22280365228_abacc11eeb_zAlthough he did not create the Library, Thomas Jefferson–for whom the current main building is named–saved it. A month after the capital was burned, he offered to sell his personal collection to the government.  Congress accepted Jefferson’s offer in January 1815, appropriating $23,950 to purchase 6,487 of his books. Jefferson had spent 50 years gathering his collection. He was in debt (he almost always was) and made a good pitch for the universality that the present Library of Congress is now famous for:

“I do not know that it contains any branch of science which Congress would wish to exclude from their collection,” he wrote. “[T]here is, in fact, no subject to which a Member of Congress may not have occasion to refer.”

22467961005_58e6d58ff9_zThe Library of Congress was rebuilt, eventually, in marble. Fear of fire forged a building that will not easily burn. When the Thomas Jefferson Building opened–situated on the corner of 1st and Independence SE, east of the Capitol building–it was the first electrified public building in the city. The year was 1897.

One hundred years after Jefferson offered up his collection, the Library has grown immensely. Its “more than 158 million items includes more than 36 million cataloged books and other print materials in 460 languages.”  The Library’s resources are available to the public–to request materials (and read them on-site) all you need is a reader card.

Twice a year–on President’s Day in February and Columbus Day in October–the Library of Congress opens itself up further. There’s no one researching on those days, but anyone and everyone can wander into the main reading room and down into the card catalog. Photographers, usually barred from wandering freely, crouch in corners snapping away.

21846855743_b9c88ebb9d_zThe Great Hall is almost indescribable in its complexity and universality. One corner will tell you “Beauty is Truth, Truth Beauty” and the ceiling in another spot reminds you, in Cassius’ words that “the fault is not in our stars, but in ourselves, that we are underlings.” There’s Minerva, presiding over a stairway, and one of the marble babies is holding a phone. To describe the Great Hall in the language of today: it is filled with Easter Eggs. The good news is that you can visit the Great Hall whenever you like.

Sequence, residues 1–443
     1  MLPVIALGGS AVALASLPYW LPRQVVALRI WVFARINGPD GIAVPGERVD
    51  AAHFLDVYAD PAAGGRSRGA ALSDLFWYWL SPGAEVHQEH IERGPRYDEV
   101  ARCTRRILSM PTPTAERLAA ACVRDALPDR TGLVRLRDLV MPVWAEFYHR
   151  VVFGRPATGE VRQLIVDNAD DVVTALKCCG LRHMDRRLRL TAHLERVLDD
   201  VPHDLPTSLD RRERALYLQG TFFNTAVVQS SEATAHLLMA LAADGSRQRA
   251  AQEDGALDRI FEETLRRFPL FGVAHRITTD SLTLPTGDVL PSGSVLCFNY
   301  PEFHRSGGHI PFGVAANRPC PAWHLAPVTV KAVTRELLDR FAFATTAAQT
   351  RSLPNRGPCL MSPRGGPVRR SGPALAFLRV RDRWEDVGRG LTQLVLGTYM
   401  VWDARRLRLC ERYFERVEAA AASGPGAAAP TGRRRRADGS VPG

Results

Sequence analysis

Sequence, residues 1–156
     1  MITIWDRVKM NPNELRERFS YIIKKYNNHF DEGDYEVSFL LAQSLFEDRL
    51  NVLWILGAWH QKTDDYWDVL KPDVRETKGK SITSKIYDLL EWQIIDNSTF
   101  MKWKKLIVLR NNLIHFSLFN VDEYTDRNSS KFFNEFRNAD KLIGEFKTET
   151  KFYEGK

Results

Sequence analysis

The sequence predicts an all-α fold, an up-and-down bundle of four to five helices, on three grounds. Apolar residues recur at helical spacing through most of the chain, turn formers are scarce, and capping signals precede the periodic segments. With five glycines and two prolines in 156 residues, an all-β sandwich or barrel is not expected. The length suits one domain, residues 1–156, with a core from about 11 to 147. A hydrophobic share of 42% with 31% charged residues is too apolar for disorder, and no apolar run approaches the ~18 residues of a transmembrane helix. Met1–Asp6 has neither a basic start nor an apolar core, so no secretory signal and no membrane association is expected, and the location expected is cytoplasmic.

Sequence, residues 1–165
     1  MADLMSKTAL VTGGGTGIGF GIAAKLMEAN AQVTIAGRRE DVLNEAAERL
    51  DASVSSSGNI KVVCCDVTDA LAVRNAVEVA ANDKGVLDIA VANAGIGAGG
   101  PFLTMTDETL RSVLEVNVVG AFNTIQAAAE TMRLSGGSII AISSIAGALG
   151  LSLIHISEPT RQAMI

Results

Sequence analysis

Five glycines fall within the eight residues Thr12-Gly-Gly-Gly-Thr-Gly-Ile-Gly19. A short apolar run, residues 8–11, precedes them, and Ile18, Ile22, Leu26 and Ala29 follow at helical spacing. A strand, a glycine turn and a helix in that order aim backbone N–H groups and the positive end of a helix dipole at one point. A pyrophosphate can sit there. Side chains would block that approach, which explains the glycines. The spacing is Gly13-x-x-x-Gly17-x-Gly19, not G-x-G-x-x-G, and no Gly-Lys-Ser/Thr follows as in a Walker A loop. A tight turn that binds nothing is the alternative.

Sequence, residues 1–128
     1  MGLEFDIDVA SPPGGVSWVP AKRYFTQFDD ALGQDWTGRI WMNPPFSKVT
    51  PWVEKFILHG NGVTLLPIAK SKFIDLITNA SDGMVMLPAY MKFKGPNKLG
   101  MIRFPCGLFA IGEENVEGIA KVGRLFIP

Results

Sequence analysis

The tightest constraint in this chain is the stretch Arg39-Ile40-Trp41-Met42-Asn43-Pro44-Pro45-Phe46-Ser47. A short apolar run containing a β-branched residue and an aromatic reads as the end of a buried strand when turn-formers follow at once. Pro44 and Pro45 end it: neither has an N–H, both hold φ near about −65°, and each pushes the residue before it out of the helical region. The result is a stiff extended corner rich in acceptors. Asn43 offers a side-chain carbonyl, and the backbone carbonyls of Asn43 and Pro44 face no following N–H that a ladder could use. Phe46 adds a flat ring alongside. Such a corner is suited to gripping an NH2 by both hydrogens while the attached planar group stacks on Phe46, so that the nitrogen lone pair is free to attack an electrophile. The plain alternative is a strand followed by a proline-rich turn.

And then there’s the Main Reading Room. The real value there is the reference librarians, but the ceiling is worth seeing too.

It’s the kind of room you feel smarter standing at the center of.  Looking up you see a circle of figures, in the lantern at the center of the dome is a woman–Human Understanding–“in the act of lifting the veil of ignorance and looking forward to intellectual progress. ” Around her are 12 figures representing great civilizations or eras which, when the library was constructed in the 1890s, were viewed as having contributed the most to the development of Western civilization: Egypt (Written Records), Judea (Religion), Greece (Philosophy), Rome (Administration), Islam (Physics), The Middle Ages (Modern Languages), Italy (Fine Arts), Germany (Printing) , Spain (Discovery), England (Literature), France (Emancipation), and America (Science).


If you’re in Washington make sure to visit the Library–the Great Hall is a glory to behold and the viewing balcony will let you get a glimpse of the Main Reading Room. Remember, on two days a year it becomes a (photographer’s) playground.  In 2016, the lucky days are February 15 and October 10.

More pictures from my visit can be found here.

A Spring Dawn

IMG_9051dawn and spring / an end to the night / a winter’s conclusion / a soft breeze on the water / and a stranger’s silence / watching the dawn / spring to life

(Click the picture for more from my dawn pilgrimage to the cherry blossoms, and other DC-things)

Yellow Line, Victory Train

Lady, you dropped your cig.

I watched it fall, unburnt, bent and dirty to the ground. You were busy tapping your unopened package of black & milds like an IV about to go in. Like a needle. Clear the air so it sticks true. No one needs an aneurysm tonight. You are your own nurse. Pick it up. Back behind the ear. Not a drop of air here.

And Sir, I’m sure that flash reflects perfect off the dirty metro glass.

You’re aiming for an ideal image of an idyllic view. Your camera snaps, it’s rapidly chattering shutter echoing off the car’s walls. All you’ll get is flash. We can all see from this bridge out to Anacostia but we’re stuck inside. So are they. This is a metaphor. For what? Ask your reflection smudged on the glass, immortalized in pixels and bytes until you delete it.

In the train car next to us they’re still celebrating.

One guy in his girlfriend’s shorts, red and white stripes with a single spangled pocket, is high-fiving a man with a red bow-tie. It’s a clip on. Another man has an American flag over his shoulders and a girl’s hand in his pocket. She’s wearing a striped tank-top with a blue-starred middle finger. ‘merica.

It’s the leap year of sports.

All over DC tonight young men and women awkwardly bonded with strangers over a victory no one expected in a sport none of us watch. This might be a metaphor, too.